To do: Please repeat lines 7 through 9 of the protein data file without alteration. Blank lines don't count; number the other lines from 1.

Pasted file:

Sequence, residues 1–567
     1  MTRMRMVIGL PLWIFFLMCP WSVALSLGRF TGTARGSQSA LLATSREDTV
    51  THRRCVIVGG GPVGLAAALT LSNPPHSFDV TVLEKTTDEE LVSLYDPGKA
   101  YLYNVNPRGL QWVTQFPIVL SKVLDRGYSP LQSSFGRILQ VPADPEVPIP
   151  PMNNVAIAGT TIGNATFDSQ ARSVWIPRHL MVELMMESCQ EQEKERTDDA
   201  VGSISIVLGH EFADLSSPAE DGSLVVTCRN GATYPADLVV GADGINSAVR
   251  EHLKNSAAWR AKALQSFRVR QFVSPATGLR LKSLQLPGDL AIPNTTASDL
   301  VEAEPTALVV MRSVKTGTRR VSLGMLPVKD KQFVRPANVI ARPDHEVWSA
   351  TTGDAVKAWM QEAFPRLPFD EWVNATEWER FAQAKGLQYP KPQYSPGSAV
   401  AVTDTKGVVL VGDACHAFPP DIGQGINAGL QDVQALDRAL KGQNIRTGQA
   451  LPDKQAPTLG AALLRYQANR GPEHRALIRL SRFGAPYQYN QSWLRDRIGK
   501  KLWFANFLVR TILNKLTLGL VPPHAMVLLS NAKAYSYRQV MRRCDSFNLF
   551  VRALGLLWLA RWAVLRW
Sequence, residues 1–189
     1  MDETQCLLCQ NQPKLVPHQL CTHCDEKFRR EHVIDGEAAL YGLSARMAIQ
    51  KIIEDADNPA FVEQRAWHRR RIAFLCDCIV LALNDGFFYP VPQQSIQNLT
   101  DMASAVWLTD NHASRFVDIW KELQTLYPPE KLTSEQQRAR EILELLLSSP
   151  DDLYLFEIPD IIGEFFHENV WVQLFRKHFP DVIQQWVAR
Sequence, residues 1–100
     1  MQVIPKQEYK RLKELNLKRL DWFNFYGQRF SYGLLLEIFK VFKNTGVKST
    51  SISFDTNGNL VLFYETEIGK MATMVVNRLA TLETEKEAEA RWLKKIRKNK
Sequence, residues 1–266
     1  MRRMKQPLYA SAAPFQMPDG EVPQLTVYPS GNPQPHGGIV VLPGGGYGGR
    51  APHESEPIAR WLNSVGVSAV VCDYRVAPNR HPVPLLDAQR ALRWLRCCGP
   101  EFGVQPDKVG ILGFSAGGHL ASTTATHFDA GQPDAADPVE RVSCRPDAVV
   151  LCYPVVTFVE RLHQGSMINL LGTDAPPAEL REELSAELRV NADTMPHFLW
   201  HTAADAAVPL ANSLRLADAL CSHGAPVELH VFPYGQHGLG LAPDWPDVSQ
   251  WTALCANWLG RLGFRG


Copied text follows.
   251  EHLKNSAAWR AKALQSFRVR QFVSPATGLR LKSLQLPGDL AIPNTTASDL
   301  VEAEPTALVV MRSVKTGTRR VSLGMLPVKD KQFVRPANVI ARPDHEVWSA
   351  TTGDAVKAWM QEAFPRLPFD EWVNATEWER FAQAKGLQYP KPQYSPGSAV